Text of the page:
Norway and Russia Reached a Fisheries Agreement for 2023

Russisk tråler, Nord tral, til kai ved Kimek, Kirkenes

A Russian trawler docked in Kirkenes earlier in October. Now Russian and Norwegian authorities have once again agreed on joint quota advice for next year's fishing in the Barents Sea. At the same time, Russia warns that it could scrap the fishery agreement for 2023 if Norway were to ban Russian fishing vessels from the ports of Kirkenes, Båtsfjord, and Tromsø. (Photo: Astri Edvardsen)

After digital negotiations, Norwegian and Russian authorities have now set next year's fishing quotas for the Barents Sea. However, the agreement may be suspended by Russia if Norway tightens its port ban further.

On the basis of quota advice from the Norwegian-Russian research group for fish stocks in the Barents Sea, Norway and Russia have negotiated a fisheries agreement for 2023. That was announced by the Norwegian Ministry of Trade, Industry and Fisheries in a press release Tuesday afternoon.

"It is good that we have entered into a fisheries agreement with Russia, despite finding ourselves in an extraordinary situation. The agreement secures marine management in the High North that is both long-term and sustainable. Thus, we take care of the world's largest cod stock and the other species in the Barents Sea, says the Norwegian Minister of Fisheries and Ocean Policy Bjørnar Skjæran (Labor). 

At the same time, Russian authorities have announced that this agreement may be put on hold if Norway further tightens its port ban for Russian fishing vessels. This is referred to in the aforementioned press release.

Fisheries cooperation and the port ban

When the port ban was introduced this spring, the government made an exemption for Russian fishing vessels, with particular reference to the fisheries cooperation with Russia. After new restrictions, Russian fishing vessels are now only able to dock at the Northern Norwegian ports of Kirkenes, Båtsfjord, and Tromsø, and they will be controlled upon arrival.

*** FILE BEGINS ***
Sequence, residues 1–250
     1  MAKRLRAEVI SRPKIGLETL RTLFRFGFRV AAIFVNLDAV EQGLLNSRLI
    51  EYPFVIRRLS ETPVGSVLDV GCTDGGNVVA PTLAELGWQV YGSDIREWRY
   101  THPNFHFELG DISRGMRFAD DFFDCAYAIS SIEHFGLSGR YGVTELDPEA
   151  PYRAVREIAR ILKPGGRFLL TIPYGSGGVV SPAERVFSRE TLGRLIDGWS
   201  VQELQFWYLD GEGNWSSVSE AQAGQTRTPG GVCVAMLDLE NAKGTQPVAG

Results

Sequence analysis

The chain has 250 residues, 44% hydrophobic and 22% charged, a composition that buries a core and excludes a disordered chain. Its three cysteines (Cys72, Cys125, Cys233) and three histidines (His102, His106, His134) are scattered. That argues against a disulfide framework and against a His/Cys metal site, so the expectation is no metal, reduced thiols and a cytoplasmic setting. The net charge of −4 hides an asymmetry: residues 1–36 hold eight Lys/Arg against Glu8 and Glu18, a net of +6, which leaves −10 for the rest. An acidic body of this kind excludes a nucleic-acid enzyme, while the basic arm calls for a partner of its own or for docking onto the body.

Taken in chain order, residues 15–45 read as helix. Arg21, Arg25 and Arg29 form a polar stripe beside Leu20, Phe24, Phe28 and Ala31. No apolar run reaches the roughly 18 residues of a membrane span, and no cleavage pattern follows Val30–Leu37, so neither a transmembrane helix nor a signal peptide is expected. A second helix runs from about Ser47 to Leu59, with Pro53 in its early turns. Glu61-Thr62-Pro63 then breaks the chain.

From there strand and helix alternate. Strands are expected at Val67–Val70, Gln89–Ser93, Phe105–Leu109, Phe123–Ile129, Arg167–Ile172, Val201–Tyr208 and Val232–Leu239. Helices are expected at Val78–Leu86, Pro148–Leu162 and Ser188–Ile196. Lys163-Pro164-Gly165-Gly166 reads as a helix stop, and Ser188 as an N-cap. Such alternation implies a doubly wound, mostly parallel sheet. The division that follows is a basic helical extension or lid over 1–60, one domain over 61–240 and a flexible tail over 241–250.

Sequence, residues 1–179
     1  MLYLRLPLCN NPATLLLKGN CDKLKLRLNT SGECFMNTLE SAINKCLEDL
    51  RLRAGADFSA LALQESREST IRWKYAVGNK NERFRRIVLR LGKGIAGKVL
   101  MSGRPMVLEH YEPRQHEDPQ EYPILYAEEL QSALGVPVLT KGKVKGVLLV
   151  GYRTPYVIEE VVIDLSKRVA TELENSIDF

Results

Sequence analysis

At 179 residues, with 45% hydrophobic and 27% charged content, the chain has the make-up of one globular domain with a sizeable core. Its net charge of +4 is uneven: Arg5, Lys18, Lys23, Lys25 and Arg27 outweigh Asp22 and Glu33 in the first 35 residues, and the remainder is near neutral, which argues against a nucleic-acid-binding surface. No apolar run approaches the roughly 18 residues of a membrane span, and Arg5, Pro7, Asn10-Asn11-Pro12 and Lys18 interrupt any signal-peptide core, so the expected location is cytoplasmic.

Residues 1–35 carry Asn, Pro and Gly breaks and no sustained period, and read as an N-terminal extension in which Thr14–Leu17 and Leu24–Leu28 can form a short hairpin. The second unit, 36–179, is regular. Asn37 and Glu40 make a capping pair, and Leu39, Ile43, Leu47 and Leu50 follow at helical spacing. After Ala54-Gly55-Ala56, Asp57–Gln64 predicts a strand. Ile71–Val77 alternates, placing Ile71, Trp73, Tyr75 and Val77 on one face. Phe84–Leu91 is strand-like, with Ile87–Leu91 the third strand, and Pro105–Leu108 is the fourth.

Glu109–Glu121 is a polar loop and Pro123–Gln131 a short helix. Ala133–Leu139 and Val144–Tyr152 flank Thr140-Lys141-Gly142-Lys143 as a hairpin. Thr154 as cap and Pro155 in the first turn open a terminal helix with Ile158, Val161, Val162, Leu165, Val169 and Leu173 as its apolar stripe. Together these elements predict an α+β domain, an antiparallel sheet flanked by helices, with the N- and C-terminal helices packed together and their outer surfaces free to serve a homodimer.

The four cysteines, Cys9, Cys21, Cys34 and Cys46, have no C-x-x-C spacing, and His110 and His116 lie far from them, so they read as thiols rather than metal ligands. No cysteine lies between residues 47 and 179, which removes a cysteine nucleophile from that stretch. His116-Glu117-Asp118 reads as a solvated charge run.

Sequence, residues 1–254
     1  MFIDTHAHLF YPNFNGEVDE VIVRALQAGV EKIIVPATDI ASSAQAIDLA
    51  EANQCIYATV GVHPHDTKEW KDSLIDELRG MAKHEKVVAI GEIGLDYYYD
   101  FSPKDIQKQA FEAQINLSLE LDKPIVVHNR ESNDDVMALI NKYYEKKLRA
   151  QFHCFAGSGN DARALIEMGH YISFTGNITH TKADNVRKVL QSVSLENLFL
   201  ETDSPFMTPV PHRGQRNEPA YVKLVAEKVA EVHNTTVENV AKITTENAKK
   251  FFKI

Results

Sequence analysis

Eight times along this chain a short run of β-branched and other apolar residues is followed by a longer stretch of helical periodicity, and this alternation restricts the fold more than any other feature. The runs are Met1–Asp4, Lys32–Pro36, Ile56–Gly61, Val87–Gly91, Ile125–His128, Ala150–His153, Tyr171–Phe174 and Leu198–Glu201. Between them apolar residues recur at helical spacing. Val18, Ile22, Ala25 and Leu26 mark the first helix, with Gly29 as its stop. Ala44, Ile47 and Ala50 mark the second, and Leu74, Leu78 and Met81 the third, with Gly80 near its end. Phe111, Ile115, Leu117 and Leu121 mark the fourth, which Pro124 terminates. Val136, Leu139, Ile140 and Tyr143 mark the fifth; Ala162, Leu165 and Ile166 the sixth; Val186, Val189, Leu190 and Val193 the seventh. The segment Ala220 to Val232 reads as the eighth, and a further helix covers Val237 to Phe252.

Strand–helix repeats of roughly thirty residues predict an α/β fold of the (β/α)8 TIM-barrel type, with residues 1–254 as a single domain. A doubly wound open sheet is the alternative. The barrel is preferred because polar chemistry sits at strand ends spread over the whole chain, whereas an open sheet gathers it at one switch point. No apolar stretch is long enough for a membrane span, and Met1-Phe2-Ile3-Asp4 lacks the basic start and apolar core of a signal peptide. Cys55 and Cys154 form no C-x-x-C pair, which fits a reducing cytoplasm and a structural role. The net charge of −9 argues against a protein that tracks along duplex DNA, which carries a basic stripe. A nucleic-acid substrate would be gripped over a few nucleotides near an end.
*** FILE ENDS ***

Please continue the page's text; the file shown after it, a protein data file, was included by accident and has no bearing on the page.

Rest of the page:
"Norway has cooperated with Russia on fisheries for almost 50 years, including throughout the Cold War. We have an important responsibility to ensure proper management of the fish stocks that we share (...) and we are reliant on functioning fisheries cooperation with Russia to make this happen. The exemption for Russian fishing vessels therefore remains but is hereby narrowed," said Skjæran when the government announced the restriction.

Norway participates in the sanctions regime against Russia and controls that the sanctions are complied with, while the government simultaneously protects sustainable fishery management, writes the Ministry of Trade, Industry and Fisheries in the mentioned press release.

Recently, a Northern Norwegian debate on the port ban has transpired. The Finnmark Chief of Police emphasizes that the intelligence threat also applies to these ports, while a number of community leaders in Troms and Finnmark county in Northern Norway highlight the significance of workplaces and fishery cooperation.

Lower cod quota

Next year's total quota for North-East Arctic cod in the Barents Sea is set to 566 784 tonnes, which is 20 percent lower than for 2022, and the lowest since 2009.